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September 11, 2006

9:36

According to one account given by NEADS Commander Robert Marr, some time before around 9:36 when it changes direction, while it is still flying west, Flight 93 is being monitored by NEADS. Marr describes how, “We don’t have fighters that way and we think [Flight 93 is] headed toward Detroit or Chicago.” He says he contacts a base in the area “so they [can] head off 93 at the pass.” Not only does NORAD know about the flight, but also, according to NORAD Commander Larry Arnold, “We watched the 93 track as it meandered around the Ohio-Pennsylvania area and started to turn south toward DC.” (This change of direction occurs around 9:36 a.m.) [Filson, 2004] This account completely contradicts the 9/11 Commission’s later claim that NEADS is first notified about Flight 93 at 10:07 a.m. [9/11 Commission, 6/17/2004]

An unnamed senior Air Force officer tells a CNN reporter minutes later that, just prior to the Pentagon being hit, he is outside the building and sees what appears to be a US military helicopter circling the Pentagon. He says it disappears behind the building where the helicopter landing pad is, and then he sees an explosion. [CNN, 9/11/2001] The Guardian reports one witness claiming that the explosion occurring when the Pentagon is hit blows up a helicopter circling overhead. [Guardian, 9/12/2001] No other witnesses are known to report seeing this helicopter. However, Dick Cheney will later tell NBC’s Meet the Press that “the first reports on the Pentagon attack suggested a helicopter” hit it. [Meet the Press, 9/16/2001] Interestingly, New York Times columnist William Safire will report that, at approximately this time, Dick Cheney is told that either another plane or “a helicopter loaded with explosives” is heading for the White House. [New York Times, 9/13/2001 ]

Reagan Airport flight control instructs a military C-130 (Golfer 06) that has just departed Andrews Air Force Base to intercept Flight 77 and identify it. [Guardian, 10/17/2001; New York Times, 10/16/2001] Remarkably, this C-130 is the same C-130 that is 17 miles from Flight 93 when it later crashes into the Pennsylvania countryside (see 10:08 a.m.). [Star-Tribune (Minneapolis), 9/11/2002; Pittsburgh Channel, 9/15/2001] The pilot, Lieutenant Colonel Steve O’Brien, claims he took off around 9:30 a.m., planning to return to Minnesota after dropping supplies off in the Caribbean. He later describes his close encounter: “When air traffic control asked me if we had him [Flight 77] in sight, I told him that was an understatement—by then, he had pretty much filled our windscreen. Then he made a pretty aggressive turn so he was moving right in front of us, a mile and a half, two miles away. I said we had him in sight, then the controller asked me what kind of plane it was. That caught us up, because normally they have all that information. The controller didn’t seem to know anything.” O’Brien reports that the plane is either a 757 or 767 and its silver fuselage means it is probably an American Airlines plane. “They told us to turn and follow that aircraft—in 20 plus years of flying, I’ve never been asked to do something like that.” [Star-Tribune (Minneapolis), 9/11/2002] The 9/11 Commission Reports that it is a C-130H and the pilot specifically identifies the hijacked plane as a 757. Seconds after impact, he reports, “Looks like that aircraft crashed into the Pentagon, sir.” [9/11 Commission, 6/17/2004]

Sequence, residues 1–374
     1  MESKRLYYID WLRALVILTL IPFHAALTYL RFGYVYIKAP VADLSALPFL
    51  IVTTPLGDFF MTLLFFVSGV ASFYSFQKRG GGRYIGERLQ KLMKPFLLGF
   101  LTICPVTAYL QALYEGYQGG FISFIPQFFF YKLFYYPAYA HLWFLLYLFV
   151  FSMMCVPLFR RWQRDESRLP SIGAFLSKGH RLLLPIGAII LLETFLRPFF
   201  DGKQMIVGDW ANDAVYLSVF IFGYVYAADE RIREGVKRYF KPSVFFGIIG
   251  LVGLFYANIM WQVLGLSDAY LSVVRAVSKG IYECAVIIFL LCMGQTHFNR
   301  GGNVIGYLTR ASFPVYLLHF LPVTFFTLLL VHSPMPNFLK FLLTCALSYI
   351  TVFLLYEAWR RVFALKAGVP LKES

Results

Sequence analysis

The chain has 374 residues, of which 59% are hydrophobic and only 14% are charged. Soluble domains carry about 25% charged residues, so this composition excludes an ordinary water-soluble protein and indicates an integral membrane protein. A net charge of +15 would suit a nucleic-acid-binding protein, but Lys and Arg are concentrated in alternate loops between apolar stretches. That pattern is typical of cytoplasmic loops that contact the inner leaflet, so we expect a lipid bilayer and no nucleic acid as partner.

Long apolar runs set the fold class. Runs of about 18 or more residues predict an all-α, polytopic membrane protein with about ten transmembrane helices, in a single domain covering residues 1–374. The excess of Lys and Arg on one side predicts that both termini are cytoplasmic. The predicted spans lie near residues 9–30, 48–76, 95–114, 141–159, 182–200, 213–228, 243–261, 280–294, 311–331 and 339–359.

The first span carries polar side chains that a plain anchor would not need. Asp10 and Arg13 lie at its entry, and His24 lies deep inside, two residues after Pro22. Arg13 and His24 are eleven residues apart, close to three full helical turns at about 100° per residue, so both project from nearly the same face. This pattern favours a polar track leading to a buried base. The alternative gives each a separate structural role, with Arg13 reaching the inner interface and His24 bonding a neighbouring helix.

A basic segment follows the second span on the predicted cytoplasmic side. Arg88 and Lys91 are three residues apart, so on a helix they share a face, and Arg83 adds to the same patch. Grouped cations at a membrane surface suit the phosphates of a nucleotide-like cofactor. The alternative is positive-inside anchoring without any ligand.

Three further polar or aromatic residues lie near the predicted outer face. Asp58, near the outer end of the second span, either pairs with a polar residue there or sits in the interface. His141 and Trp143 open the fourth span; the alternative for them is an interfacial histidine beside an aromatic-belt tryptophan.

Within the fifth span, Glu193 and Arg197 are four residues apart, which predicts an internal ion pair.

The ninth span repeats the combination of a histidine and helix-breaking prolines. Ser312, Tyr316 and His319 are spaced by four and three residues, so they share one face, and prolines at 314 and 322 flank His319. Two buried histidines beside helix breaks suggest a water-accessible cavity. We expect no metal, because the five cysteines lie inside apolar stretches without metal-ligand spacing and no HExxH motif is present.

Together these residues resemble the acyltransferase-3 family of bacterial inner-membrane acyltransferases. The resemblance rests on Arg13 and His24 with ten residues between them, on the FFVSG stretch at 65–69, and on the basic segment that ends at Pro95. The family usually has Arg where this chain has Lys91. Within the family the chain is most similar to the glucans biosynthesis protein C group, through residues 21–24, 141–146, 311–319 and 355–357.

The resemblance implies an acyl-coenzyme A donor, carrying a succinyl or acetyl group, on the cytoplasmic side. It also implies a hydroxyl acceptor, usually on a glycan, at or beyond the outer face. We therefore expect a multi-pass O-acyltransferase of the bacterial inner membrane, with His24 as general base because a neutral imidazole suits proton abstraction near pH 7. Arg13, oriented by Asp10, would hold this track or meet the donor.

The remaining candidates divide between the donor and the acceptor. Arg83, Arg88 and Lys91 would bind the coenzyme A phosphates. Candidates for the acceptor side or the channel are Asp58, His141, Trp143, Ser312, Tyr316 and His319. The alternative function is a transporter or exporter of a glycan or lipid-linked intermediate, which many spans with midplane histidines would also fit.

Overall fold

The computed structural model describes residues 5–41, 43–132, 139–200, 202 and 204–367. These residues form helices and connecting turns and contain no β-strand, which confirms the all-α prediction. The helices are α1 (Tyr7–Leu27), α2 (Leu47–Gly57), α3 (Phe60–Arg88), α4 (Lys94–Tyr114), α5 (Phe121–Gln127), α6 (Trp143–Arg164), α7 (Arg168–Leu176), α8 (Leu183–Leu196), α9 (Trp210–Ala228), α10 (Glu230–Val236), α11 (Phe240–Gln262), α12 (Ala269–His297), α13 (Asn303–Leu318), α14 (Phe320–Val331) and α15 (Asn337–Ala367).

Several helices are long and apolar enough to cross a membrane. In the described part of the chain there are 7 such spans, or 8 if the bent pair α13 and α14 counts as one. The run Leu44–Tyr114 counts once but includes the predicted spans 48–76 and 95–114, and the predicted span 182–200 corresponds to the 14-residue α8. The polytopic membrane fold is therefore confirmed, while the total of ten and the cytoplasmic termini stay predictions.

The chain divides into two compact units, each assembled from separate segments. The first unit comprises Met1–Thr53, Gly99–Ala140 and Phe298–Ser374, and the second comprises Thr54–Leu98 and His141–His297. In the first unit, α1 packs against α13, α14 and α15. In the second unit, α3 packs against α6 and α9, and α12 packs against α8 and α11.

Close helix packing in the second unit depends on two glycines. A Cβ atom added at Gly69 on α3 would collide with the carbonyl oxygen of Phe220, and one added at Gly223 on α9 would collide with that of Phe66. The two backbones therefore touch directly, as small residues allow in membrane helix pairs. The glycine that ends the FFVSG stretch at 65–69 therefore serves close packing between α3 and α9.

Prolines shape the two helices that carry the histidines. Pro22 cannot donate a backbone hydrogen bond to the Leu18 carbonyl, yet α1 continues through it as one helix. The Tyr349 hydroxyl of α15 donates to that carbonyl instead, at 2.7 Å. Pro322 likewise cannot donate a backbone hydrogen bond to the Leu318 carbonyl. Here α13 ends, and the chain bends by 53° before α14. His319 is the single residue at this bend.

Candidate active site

Flight 93 files a new flight plan with a final destination of Washington, reverses course and heads toward Washington. [Pittsburgh Post-Gazette, 10/28/2001; Guardian, 10/17/2001; MSNBC, 9/3/2002; Longman, 2002, pp. 219] Radar shows the plane turning 180 degrees. [CNN, 9/13/2001] The new flight plan schedules the plane to arrive in Washington at 10:28 a.m. [Longman, 2002, pp. 78]

According to the 9/11 Commission, at about this time Cleveland flight control specifically asks the FAA Command Center whether someone has requested the military to launch fighters toward Flight 93. Cleveland offers to contact a nearby military base. The Command Center replies that FAA personnel well above them in the chain of command have to make that decision and are working on the issue. [9/11 Commission, 6/17/2004] Cleveland overheard a hijacker say there was a “bomb on board” at 9:32 a.m. and passed the message to FAA higher ups.

Posted by jeff at September 11, 2006 9:36 AM

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